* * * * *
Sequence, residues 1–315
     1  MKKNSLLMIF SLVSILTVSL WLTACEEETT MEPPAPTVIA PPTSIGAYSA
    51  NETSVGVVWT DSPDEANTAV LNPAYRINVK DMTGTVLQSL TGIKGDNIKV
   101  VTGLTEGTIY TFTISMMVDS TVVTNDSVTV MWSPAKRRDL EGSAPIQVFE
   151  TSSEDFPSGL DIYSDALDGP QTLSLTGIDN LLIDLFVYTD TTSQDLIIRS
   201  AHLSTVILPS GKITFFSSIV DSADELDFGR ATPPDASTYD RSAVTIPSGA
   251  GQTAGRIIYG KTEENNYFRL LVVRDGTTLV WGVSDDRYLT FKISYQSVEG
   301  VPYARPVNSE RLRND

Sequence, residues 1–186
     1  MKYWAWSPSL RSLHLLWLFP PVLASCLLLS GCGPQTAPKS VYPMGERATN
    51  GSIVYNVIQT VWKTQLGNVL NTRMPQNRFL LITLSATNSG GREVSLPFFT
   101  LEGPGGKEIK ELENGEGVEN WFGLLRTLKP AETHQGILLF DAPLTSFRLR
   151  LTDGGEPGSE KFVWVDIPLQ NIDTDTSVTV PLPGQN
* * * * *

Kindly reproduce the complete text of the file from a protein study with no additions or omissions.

Sequence, residues 1–315
     1  MKKNSLLMIF SLVSILTVSL WLTACEEETT MEPPAPTVIA PPTSIGAYSA
    51  NETSVGVVWT DSPDEANTAV LNPAYRINVK DMTGTVLQSL TGIKGDNIKV
   101  VTGLTEGTIY TFTISMMVDS TVVTNDSVTV MWSPAKRRDL EGSAPIQVFE
   151  TSSEDFPSGL DIYSDALDGP QTLSLTGIDN LLIDLFVYTD TTSQDLIIRS
   201  AHLSTVILPS GKITFFSSIV DSADELDFGR ATPPDASTYD RSAVTIPSGA
   251  GQTAGRIIYG KTEENNYFRL LVVRDGTTLV WGVSDDRYLT FKISYQSVEG
   301  VPYARPVNSE RLRND

Sequence, residues 1–186
     1  MKYWAWSPSL RSLHLLWLFP PVLASCLLLS GCGPQTAPKS VYPMGERATN
    51  GSIVYNVIQT VWKTQLGNVL NTRMPQNRFL LITLSATNSG GREVSLPFFT
   101  LEGPGGKEIK ELENGEGVEN WFGLLRTLKP AETHQGILLF DAPLTSFRLR
   151  LTDGGEPGSE KFVWVDIPLQ NIDTDTSVTV PLPGQN